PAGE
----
Published: 24/10/2002, Volume II2, No. 5828 Page 8 9

GP practices should be 'put on notice' by primary care trusts that they should not expect to receive reimbursement for substandard premises. The warning came from NHS Estates' Keith Houghton at the NHS Alliance conference in Harrogate.

Mr Houghton is working with the national primary and care trust development Programme on efforts to improve the quality of the primary care estate.

He said that, as part of their strategic service delivery plan, PCTs would have to develop an estates strategy by the end of the financial year. This would detail how premises would play their part in improving service capacity and quality, as well as meeting national and local priorities. He also pointed out that PCTs have vicarious responsibility for the health and safety of staff, such as community nurses, working in GP surgeries and health centres.

Mr Houghton said that although PCTs had the power to withhold reimbursement for notional rent and rates on substandard GP premises, very few did so. This was despite the fact that, according to Mr Houghton, most PCTs had practices whose premises did not meet access criteria and/or were inappropriate for the services being delivered.

The urgent need to improve the quality of the primary care estate meant that PCTs had to consider the option of withholding funding more seriously if the necessary changes were not forthcoming.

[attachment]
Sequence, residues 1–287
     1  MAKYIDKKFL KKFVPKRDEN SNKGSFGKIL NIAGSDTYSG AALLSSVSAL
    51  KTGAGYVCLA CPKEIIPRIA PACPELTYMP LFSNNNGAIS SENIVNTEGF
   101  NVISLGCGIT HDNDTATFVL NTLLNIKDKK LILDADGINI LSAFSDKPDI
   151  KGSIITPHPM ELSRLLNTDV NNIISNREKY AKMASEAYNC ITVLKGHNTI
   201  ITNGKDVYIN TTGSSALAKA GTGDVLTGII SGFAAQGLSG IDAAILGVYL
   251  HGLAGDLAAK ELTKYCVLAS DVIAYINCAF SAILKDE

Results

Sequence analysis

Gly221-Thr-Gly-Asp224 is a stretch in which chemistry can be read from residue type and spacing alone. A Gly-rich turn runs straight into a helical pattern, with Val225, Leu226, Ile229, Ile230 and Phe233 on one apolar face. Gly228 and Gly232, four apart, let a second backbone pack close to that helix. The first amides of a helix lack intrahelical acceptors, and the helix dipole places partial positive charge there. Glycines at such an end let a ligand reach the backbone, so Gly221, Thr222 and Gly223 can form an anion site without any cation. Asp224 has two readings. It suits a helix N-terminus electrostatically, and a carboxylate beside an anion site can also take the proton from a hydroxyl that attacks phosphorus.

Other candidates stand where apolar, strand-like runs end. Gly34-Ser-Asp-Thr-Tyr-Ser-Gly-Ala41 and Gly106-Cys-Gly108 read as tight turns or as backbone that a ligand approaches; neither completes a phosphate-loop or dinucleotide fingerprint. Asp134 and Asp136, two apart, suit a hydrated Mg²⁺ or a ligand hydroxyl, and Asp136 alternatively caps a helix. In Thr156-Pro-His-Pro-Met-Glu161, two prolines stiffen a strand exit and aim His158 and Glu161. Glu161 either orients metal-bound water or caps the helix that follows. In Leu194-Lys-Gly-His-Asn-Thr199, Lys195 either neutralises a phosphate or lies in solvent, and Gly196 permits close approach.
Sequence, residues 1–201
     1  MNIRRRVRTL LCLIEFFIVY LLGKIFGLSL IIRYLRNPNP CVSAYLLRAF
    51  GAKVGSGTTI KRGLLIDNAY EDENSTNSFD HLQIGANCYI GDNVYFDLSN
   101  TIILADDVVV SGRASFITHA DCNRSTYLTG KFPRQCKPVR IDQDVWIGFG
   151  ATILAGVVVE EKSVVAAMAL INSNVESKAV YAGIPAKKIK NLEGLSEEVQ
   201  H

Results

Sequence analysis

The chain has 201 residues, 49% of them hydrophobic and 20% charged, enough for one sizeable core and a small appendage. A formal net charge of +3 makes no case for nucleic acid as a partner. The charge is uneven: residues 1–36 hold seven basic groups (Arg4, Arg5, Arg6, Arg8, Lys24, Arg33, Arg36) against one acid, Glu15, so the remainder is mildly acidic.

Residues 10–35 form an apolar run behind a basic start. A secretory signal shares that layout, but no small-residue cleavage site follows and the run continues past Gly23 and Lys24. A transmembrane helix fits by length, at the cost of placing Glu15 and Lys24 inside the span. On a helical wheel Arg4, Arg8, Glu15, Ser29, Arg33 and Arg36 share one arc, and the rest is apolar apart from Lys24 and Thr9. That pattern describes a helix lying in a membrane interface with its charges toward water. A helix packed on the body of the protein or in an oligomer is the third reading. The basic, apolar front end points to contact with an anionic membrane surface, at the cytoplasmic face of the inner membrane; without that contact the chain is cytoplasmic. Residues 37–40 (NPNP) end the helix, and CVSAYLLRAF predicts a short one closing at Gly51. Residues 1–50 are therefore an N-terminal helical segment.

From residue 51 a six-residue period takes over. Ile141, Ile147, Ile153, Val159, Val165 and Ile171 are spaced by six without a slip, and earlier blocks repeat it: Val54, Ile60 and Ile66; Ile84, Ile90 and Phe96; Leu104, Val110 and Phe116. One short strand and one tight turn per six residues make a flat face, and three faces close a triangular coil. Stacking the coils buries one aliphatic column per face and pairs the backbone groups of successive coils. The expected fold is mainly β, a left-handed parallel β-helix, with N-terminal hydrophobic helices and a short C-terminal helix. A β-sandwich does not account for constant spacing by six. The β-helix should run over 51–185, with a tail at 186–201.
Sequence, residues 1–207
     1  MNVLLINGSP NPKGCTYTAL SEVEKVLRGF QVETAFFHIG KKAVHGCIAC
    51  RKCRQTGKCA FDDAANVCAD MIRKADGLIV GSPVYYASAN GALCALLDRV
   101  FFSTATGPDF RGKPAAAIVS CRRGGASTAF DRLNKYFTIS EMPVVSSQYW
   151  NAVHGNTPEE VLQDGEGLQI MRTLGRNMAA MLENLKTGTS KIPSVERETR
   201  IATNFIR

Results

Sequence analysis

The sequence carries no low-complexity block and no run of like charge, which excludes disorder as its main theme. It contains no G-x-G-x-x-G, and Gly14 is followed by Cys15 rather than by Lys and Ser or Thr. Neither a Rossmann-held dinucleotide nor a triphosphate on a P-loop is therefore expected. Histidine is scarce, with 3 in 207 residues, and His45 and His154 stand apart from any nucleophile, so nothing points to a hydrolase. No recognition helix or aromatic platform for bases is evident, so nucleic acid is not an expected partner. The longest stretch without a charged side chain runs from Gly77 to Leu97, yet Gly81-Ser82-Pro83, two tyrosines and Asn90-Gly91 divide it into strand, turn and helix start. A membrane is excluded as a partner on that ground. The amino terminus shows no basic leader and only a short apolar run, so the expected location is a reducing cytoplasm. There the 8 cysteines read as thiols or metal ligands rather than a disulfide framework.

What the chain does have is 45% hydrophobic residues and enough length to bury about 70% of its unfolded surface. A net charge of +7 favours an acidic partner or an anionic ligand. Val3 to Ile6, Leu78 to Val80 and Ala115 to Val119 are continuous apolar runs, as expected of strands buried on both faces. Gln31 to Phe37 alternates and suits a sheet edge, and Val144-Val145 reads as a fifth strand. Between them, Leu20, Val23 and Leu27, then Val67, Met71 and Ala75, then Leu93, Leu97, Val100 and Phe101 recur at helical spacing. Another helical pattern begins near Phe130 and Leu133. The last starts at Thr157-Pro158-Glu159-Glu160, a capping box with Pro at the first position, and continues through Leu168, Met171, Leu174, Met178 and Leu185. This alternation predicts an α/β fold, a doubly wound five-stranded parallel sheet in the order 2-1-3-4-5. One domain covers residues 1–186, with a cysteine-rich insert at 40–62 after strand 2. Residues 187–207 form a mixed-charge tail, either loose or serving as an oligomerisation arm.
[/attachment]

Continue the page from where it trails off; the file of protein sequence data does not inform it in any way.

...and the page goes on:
PCTs should carry out inspections of all GP practices to identify problems, he added.

However, Mr Houghton said that PCTs should also be working with GP practices to help them find ways - through the local improvement finance trust programme, for example - to improve premises.

He added that this winter's allocations of funds to PCTs would provide 'a massive opportunity' for investment which the organisations should grasp.

Despite this, the Department of Health might have to 'say no' to some hospital expansion plans.

Later in the conference, South Yorkshire strategic health authority chief executive Mike Farrar explained that if the new GP contract was introduced, PCTs would hold some of the money intended for investment in premises centrally. Mr Farrar claimed these funds would allow PCTs to invest strategically across their patch and to attract inward investment.